F-35C Achieves IOC; Singapore Details Initial F-35 Buy

 - March 1, 2019, 8:57 AM
An F-35C from VFA-147 "Argonauts" lands on USS Carl Vinson during the squadron's carrier qualifications that were undertaken starting in December. Vinson is scheduled to host the first operational deployment by the F-35C in 2021. (photo: U.S. Navy)

On February 28, Initial Operational Capability (IOC) was declared for the Lockheed Martin F-35C, the carrier-capable version of the Lightning II. With this milestone passed all three versions of the Joint Strike Fighter have been declared ready for operations.

The announcement was made jointly by the commander, Naval Air Forces, and the U.S. Marine Corps deputy commandant for aviation. Both services will operate the variant, with the Marines planning to stand up four F-35C squadrons that will be assigned to Carrier Air Wings for operational deployments.

“The F-35C is ready for operations, ready for combat and ready to win,” announced Vice Admiral DeWolfe Miller, Commander Naval Air Forces. “We are adding an incredible weapon system into the arsenal of our Carrier Strike Groups that significantly enhances the capability of the joint force.”

Having received its first allocated aircraft in October 2018, the Navy’s first front-line F-35C squadron—Lemoore-based VFA-147 “Argonauts”—has completed carrier qualifications aboard USS Carl Vinson, which is to be the first carrier to receive the type when VFA-147 embarks in 2021. The unit’s completion of “carquals” and the award of a Safe-For-Flight certificate was a key element in achieving IOC. Coincident with IOC, VFA-147 switched from Air Wing Eleven to Air Wing Two, and its aircraft have now been repainted with CVW-2's "NE" tailcode.

For IOC to be declared, the first operational squadron must be adequately staffed, trained and equipped to conduct fleet operational missions. The unit’s equipment allocation comprises 10 F-35C Block 3F machines with spare parts, support equipment, tools, technical publications, training programs, and a functional Autonomic Logistic Information System (ALIS). The carrier must also have the necessary infrastructure, qualifications, and certification to support the squadron and its aircraft.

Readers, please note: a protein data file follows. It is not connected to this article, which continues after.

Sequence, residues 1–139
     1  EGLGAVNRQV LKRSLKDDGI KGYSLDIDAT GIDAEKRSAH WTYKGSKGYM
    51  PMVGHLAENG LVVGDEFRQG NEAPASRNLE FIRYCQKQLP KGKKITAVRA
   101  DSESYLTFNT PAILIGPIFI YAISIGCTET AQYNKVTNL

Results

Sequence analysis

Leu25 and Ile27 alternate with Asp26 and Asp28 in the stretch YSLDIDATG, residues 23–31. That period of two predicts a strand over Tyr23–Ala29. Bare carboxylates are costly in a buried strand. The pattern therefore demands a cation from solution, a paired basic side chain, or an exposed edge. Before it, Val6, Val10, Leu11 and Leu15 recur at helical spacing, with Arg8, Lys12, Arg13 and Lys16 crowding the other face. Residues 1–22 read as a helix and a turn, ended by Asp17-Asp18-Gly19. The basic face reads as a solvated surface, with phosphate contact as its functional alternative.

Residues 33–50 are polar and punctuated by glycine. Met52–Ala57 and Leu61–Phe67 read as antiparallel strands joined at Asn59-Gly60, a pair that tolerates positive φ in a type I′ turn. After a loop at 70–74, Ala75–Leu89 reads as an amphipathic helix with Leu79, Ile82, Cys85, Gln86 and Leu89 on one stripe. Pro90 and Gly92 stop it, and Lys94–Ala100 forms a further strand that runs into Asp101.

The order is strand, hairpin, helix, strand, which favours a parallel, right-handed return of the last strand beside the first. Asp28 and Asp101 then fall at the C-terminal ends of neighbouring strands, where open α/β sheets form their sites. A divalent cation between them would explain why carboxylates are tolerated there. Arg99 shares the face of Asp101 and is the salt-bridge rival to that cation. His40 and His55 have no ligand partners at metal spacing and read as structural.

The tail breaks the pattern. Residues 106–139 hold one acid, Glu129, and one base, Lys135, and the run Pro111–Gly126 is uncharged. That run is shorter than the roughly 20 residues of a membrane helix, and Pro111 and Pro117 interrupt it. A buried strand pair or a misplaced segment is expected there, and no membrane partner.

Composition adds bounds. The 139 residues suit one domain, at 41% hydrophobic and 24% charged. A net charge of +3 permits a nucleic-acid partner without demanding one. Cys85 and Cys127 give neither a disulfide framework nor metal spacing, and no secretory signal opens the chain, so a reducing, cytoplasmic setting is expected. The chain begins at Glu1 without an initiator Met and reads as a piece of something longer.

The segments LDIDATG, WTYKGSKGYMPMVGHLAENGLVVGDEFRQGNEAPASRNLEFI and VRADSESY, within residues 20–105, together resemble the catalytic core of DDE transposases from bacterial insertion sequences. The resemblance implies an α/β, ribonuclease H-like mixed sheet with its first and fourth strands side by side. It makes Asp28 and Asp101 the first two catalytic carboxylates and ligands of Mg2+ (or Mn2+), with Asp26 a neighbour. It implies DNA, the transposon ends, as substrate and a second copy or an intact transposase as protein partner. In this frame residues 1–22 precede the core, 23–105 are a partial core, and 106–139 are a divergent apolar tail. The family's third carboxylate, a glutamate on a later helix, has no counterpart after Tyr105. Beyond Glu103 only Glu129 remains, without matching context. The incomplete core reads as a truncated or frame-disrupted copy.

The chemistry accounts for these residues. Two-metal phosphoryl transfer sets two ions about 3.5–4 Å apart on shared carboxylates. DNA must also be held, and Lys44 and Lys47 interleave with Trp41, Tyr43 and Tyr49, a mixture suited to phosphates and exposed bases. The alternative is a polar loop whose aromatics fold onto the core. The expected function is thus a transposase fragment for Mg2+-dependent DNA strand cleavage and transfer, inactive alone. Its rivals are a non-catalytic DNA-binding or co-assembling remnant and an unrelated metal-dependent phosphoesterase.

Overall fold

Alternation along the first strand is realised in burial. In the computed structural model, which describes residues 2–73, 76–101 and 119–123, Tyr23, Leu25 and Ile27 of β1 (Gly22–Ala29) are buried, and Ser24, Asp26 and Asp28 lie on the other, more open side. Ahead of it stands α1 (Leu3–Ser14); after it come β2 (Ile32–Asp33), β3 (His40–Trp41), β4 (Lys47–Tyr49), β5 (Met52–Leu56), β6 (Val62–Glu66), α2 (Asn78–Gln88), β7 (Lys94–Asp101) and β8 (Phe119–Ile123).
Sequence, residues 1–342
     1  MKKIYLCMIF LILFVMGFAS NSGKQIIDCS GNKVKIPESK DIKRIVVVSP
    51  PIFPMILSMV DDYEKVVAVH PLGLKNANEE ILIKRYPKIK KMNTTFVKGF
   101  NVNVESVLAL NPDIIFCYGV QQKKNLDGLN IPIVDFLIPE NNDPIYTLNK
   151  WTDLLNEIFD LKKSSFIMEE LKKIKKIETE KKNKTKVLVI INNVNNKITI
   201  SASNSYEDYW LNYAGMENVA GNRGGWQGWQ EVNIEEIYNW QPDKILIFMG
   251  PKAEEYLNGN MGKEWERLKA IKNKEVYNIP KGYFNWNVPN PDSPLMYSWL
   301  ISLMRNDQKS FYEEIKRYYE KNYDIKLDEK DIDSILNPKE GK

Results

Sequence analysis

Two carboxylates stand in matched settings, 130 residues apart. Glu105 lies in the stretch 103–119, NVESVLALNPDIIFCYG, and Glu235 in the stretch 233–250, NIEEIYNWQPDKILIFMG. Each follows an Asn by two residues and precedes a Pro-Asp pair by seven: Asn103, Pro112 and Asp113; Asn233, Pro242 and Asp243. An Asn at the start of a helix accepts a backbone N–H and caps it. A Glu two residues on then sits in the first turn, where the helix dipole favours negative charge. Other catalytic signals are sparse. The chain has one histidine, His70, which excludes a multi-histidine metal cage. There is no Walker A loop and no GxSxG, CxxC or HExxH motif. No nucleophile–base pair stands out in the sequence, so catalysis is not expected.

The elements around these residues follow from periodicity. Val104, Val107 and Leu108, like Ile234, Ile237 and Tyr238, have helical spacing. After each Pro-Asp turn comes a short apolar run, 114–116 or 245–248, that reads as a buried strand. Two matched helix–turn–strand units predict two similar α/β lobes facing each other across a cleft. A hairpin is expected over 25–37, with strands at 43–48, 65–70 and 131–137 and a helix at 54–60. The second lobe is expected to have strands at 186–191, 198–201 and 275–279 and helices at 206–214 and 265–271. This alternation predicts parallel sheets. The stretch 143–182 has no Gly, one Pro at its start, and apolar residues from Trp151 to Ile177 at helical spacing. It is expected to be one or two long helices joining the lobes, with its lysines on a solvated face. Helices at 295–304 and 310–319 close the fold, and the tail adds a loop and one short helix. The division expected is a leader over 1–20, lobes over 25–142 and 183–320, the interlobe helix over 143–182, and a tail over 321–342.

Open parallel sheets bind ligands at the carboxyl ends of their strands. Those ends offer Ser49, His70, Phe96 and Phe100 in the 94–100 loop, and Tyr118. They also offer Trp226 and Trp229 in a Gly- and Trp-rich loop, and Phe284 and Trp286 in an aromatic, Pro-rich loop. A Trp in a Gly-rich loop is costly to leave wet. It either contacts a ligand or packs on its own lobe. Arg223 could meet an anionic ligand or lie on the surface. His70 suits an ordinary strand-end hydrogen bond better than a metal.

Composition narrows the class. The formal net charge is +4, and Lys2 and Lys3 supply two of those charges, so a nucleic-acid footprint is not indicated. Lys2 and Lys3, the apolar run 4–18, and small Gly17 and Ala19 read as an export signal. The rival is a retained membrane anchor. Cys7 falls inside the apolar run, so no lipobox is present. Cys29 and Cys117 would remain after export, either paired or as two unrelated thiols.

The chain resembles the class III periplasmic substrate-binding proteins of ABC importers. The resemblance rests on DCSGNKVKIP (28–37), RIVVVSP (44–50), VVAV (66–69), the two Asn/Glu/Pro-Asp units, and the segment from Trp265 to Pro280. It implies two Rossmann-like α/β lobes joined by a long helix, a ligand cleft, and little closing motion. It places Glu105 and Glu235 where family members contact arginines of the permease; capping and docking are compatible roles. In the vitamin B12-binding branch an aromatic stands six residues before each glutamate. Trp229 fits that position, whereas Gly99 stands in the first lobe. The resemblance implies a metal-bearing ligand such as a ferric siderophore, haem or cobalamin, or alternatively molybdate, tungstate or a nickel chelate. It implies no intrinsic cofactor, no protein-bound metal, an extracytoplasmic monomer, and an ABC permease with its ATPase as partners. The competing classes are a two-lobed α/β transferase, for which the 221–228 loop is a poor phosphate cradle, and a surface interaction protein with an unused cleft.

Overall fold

On March 1, Singapore released some more details about its intended F-35 procurement. The country has announced that it will make an initial purchase of four F-35 Lightning IIs, with an option for eight more as the replacement for its F-16 fleet. The initially small number of aircraft is for a final full evaluation by the Republic of Singapore Air Force (RSAF) on its capability. The next step is for the Ministry of Defence to issue a Letter of Request (LOR) to the United States to seek Congressional approval for the Foreign Military Sales (FMS). 

“Our LOR will request an initial acquisition of four F-35s, with the option of a subsequent eight if we decide to proceed,” Defence Minister Dr. Ng Eng Hen told the Singapore Parliament at the Committee of Supply debate on March 1. Ng said that the U.S. Administration and the Department of Defense have endorsed the purchase and both President Donald Trump and Acting Secretary of Defense Patrick Shanahan have welcomed Singapore’s plan.

Ng said the unit price of the F-35 has been steadily falling due to healthy orders, and the ministry’s procurement arm, Defence Science and Technology Agency (DSTA), said it is “an opportune time” to make Singapore’s request. He added that the unit price for each jet is ranging from US$90 million to US$115 million, comparable to that for Singapore’s F-15SG. Similarly, the total cost of ownership, including maintenance across its lifespan, is close to that of the F-15.